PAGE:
Wayne Sayles'
letter
also expressed concern over the consideration of coins in the future:

"...Consequently, the renewal of this
MOU seems questionable and any extension to include common utilitarian objects like coins would be totally inconsistent with the terms of the present MOU and of the overall intention of the Convention on Cultural Property Implementation Act."


It is improper to assert that members of the archaeological community strayed beyond article II by discussing coins when the IAPN/PNG representative and also the ACCG representative made oral comments - before any member of the archaeological community spoke - raising the issue of coins and suggesting their protection under a renewal would be undesirable. The comments about coins made by concerned archaeologists and numismatists were counterpoints to arguments and insinuations already raised.

All best,
Nathan
David Gill said…
Dear Peter
I would not wish you to disclose text belonging to your clients, by which we should understand the IAPN and PNG.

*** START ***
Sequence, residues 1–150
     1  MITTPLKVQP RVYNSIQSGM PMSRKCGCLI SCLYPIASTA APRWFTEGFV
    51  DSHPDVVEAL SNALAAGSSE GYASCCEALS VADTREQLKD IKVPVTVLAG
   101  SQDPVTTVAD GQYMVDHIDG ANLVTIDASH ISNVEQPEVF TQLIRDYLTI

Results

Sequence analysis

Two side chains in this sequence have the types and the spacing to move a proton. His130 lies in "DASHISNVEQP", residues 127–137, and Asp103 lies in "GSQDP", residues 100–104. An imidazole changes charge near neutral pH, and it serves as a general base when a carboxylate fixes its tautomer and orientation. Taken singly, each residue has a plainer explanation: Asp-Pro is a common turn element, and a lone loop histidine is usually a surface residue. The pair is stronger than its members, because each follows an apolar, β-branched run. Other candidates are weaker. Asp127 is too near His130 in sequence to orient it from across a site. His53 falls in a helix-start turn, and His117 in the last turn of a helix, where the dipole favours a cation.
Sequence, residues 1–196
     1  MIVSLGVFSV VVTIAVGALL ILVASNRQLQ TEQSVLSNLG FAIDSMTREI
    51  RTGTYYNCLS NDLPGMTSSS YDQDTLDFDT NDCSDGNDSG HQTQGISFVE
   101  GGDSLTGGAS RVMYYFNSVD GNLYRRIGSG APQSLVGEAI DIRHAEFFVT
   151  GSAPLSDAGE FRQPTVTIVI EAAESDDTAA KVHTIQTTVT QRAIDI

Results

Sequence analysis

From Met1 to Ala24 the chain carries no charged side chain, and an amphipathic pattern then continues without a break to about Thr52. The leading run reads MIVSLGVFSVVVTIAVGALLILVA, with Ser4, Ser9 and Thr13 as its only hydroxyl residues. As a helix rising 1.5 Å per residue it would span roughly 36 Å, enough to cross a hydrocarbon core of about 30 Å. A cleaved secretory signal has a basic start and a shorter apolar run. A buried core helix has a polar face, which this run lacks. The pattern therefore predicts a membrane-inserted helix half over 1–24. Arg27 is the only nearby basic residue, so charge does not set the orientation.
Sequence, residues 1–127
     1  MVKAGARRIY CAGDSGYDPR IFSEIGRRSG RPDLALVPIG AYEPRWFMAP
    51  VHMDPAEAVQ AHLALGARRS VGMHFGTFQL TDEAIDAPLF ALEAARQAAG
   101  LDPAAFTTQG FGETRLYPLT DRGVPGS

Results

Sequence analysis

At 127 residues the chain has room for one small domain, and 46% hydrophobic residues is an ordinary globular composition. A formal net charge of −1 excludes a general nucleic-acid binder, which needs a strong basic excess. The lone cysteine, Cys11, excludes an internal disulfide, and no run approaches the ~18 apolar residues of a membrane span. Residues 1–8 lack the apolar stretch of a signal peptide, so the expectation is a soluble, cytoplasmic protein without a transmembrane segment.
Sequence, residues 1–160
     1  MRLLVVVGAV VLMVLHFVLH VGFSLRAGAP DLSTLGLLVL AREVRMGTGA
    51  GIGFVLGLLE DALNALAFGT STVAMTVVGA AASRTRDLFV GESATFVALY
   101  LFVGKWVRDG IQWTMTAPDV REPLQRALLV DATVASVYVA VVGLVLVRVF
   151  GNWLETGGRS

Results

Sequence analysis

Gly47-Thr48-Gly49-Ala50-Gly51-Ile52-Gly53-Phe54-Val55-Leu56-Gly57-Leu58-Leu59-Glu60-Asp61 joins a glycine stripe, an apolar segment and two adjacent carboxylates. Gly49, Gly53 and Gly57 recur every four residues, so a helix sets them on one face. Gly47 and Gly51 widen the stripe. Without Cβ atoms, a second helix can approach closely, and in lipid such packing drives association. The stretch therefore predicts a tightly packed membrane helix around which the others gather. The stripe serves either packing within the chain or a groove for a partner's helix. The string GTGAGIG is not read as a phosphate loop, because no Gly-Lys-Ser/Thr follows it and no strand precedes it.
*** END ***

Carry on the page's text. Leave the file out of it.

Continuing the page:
Will the IAPN or PNG be posting "their" text on their websites?
Best wishes
David
Wayne G. Sayles said…
To Mr. Elkins, I would merely say thank you for further publicizing the views of the ACCG. It is quite helpful.

Regards,

Wayne
Dear Nathan-

You misunderstand my point. We did touch on coins, but in the context of Art. II. I am unclear what aspect of Art II. members of the archaeological community (other than Patty Gerstenblith) focused upon. The Committee in effect gave the archaeological community two bites at the apple as to Art. I. The Federal Register Notice was quite clear that oral comments were to be confined as to Art. II. In any event, it really does not matter all that much-- assuming we all get to comment on Art. I specifically at some point.

On a more substantive note relating to Art. II, it would be interesting to learn if you agree that Italian coin collections and finds are underpublished and that the state of Italy's stewardship over coins is in general quite poor. Let's keep in mind Italy is certainly one of the world's richest economies. I suppose you could say we are not all that great in that regard here either given the lack of public funding for numismatics, but then again, they are the ones asking for import restrictions based in part on their supposed stewardship over coins.

As to David's question, I doubt IAPN and PNG should release its paper while it is still under active consideration, but might change my mind if the archaeological community and Italy posts their papers somewhere on the web.

Best,

Peter Tompa